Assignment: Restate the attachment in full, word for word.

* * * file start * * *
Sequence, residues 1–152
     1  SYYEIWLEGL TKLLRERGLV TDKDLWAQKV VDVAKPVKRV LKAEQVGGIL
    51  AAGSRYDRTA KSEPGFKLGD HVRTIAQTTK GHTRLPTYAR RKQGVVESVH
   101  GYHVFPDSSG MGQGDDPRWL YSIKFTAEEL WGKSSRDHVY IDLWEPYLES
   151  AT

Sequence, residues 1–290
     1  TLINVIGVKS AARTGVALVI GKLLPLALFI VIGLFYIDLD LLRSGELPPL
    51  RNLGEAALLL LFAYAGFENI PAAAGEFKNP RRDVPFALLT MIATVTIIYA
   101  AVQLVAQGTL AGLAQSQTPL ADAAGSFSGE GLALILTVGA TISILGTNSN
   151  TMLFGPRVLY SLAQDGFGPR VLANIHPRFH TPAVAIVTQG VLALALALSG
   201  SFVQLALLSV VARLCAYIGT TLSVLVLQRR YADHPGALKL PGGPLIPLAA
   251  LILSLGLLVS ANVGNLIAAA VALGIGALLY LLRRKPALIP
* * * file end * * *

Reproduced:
Sequence, residues 1–152
     1  SYYEIWLEGL TKLLRERGLV TDKDLWAQKV VDVAKPVKRV LKAEQVGGIL
    51  AAGSRYDRTA KSEPGFKLGD HVRTIAQTTK GHTRLPTYAR RKQGVVESVH
   101  GYHVFPDSSG MGQGDDPRWL YSIKFTAEEL WGKSSRDHVY IDLWEPYLES
   151  AT

Sequence, residues 1–290
     1  TLINVIGVKS AARTGVALVI GKLLPLALFI VIGLFYIDLD LLRSGELPPL
    51  RNLGEAALLL LFAYAGFENI PAAAGEFKNP RRDVPFALLT MIATVTIIYA
   101  AVQLVAQGTL AGLAQSQTPL ADAAGSFSGE GLALILTVGA TISILGTNSN
   151  TMLFGPRVLY SLAQDGFGPR VLANIHPRFH TPAVAIVTQG VLALALALSG
   201  SFVQLALLSV VARLCAYIGT TLSVLVLQRR YADHPGALKL PGGPLIPLAA
   251  LILSLGLLVS ANVGNLIAAA VALGIGALLY LLRRKPALIP